4.2 Learning through controversial issues
The Wellcome Trust, the independent medical research charity, sponsored research into the value assigned to the teaching of socio-scientific issues in secondary and post-16 education. The resulting report by Levinson and Turner (2001) asserted that ‘the ability to engage in discussion about the impact of science on society is increasingly seen as an essential part of people’s education’ (Levinson and Turner, 2001, p. 2). The current science curriculum supports this aspect of science education, placing greater importance on the nature of science and its relationship with society. Despite this, many teachers taking part in Levinson and Turner’s research believed that science teaching should be about the delivery of facts and must avoid values, opinions or ethics. Wellington and Ireson (2012) argued that including controversial issues in the curriculum is essential if the true nature of science is to be conveyed to students.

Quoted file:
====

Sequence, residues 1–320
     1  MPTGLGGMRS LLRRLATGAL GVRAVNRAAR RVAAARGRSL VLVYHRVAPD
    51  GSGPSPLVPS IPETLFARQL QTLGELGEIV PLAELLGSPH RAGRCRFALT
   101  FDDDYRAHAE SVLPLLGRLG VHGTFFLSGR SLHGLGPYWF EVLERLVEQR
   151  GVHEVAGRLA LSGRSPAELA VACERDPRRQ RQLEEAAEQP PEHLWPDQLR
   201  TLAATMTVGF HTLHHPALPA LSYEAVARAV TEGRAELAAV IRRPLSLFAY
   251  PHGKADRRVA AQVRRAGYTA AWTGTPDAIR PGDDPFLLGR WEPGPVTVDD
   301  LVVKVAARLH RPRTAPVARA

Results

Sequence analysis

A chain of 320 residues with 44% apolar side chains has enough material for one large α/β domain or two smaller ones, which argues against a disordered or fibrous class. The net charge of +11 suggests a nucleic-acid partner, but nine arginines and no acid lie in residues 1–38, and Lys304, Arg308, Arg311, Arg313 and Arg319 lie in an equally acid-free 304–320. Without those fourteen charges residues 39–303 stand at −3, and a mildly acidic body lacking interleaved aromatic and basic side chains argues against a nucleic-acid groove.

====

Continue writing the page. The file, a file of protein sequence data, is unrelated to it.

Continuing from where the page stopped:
Which side of the argument do you agree with and why? One of the difficulties teachers have cited is in identifying clear objectives and outcomes for students and matching these to learning outcomes.
Activity 10 Teaching controversial issues
Resource 1 provides some of the objectives and outcomes associated with teaching controversial issues and possible teaching approaches. Identify which learning outcomes could be achieved by each approach.
Different approaches support the different student outcomes. Teachers need to consider many factors when selecting an approach, but should be able to justify their choice and identify appropriate, achievable objectives and outcomes.